The pursuit led down the east coast of the North Island and finally Kupe caught up with the octopus in Cook Strait. The canoes of Kupe and Ngake separated to allow the approaching octopus to pass between them, when men on both canoes thrust spears into its body. The octopus threw out its powerful tentacles and almost capsized Ngake's canoe. At the same time, it grappled Kupe's canoe, but Kupe kept severing the ends of the tentacles against the gunwale of the canoe with his adze named Rakatuwhenua. As the octopus kept grappling afresh, Kupe ordered a bunch of calabashes to be thrown at the head of the octopus. The monster, evidently thinking that the calabashes were human heads, let go the canoes and clasped the calabashes with its shortened tentacles. Kupe drew close and struck the octopus between the eyes with his adze. Thus, Kupe redeemed his oath and killed the Wheke a Muturangi.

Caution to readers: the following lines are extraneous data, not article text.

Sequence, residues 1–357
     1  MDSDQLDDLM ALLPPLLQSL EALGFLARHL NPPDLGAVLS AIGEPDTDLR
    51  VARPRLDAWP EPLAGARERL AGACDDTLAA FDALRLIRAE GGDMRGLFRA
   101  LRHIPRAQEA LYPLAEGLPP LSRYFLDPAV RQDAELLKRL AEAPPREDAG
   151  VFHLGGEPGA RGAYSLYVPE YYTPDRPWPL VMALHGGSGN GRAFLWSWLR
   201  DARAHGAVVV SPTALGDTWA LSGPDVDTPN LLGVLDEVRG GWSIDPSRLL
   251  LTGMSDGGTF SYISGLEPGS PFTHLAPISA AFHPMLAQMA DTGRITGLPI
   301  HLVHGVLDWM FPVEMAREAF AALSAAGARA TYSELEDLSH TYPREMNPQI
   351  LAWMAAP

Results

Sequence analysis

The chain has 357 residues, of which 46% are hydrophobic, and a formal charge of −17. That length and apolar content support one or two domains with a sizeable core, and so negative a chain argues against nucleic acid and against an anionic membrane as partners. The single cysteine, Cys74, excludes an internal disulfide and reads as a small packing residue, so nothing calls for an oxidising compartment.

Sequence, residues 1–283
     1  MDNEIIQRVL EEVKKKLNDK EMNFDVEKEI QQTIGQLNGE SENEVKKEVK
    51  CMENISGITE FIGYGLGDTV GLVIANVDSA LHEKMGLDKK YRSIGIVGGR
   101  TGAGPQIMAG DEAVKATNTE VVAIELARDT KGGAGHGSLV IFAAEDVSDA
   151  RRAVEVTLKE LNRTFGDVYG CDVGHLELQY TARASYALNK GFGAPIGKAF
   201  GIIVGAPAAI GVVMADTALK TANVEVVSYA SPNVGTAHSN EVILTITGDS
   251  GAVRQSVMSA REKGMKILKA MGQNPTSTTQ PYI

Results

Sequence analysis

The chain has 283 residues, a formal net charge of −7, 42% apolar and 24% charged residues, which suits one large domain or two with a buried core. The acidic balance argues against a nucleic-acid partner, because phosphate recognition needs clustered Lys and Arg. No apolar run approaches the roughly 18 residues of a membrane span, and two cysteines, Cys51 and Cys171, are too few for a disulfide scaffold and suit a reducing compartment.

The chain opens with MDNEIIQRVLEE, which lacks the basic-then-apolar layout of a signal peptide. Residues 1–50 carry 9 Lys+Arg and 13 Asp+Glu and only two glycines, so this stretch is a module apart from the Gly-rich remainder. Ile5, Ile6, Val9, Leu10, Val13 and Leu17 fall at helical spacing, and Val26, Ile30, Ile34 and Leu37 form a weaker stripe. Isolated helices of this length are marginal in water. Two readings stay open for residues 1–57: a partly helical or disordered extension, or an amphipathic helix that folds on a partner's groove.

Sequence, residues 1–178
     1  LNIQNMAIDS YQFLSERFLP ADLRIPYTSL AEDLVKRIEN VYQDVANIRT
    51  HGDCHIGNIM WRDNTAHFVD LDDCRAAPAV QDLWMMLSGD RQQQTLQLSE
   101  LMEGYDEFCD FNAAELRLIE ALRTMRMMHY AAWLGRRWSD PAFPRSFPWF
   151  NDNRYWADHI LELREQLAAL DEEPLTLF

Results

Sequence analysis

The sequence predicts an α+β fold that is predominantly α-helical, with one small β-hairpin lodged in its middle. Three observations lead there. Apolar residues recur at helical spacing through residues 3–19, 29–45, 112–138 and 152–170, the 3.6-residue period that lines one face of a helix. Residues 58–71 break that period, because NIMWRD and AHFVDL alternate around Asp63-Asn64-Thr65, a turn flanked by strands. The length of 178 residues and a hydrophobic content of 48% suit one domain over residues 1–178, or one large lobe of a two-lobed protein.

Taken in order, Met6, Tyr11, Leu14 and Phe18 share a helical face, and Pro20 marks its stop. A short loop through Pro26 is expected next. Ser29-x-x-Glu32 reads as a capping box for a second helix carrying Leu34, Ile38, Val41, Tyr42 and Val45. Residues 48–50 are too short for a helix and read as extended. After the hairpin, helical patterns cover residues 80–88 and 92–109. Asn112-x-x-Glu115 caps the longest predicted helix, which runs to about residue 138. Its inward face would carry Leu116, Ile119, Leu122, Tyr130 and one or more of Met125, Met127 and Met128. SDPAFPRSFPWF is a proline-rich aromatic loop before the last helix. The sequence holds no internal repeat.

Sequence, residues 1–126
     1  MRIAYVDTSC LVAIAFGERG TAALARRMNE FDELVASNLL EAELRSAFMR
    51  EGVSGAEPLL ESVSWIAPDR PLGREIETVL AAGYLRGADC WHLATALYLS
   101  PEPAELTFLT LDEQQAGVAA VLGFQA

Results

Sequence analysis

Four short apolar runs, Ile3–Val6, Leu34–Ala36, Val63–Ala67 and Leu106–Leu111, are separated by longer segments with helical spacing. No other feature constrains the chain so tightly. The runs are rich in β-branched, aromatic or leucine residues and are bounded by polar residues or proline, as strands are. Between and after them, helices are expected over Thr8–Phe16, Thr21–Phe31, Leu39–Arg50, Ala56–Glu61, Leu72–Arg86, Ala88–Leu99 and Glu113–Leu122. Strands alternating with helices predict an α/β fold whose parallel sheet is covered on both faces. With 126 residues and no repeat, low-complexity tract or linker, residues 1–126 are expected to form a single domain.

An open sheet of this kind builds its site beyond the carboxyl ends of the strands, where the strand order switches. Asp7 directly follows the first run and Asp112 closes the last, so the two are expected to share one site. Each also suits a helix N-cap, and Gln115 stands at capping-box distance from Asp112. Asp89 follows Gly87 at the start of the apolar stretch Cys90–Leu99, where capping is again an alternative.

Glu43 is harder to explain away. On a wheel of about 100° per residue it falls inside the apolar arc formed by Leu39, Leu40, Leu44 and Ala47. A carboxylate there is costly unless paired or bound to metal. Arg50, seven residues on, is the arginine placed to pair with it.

Kupe made a short stay in what is now Wellington Harbour, and the two islands now known as Somes and Ward Islands were named after his daughters Matiu and Makaro. He was the first to sail through the page 7strait which separates the two islands and which was later named Raukawa and later still, Cook Strait. He sailed up the west coast of the North Island between the islands of Mana and Kapiti and the Coast. Hence the old song which refers to these two islands by name and to the northern part of the South Island as Aropawa is figuratively correct:

I will sing, I will sing of my ancestor Kupe!
He it was who severed the land.
So that Kapiti, Mana and Aropawa
Were divided off and stood apart.

He finally departed for the homeland from an inlet on the North Auckland peninsula which from the event was named Hokianga nui a Kupe (Great returning place of Kupe) and Hokianga it remains to this day.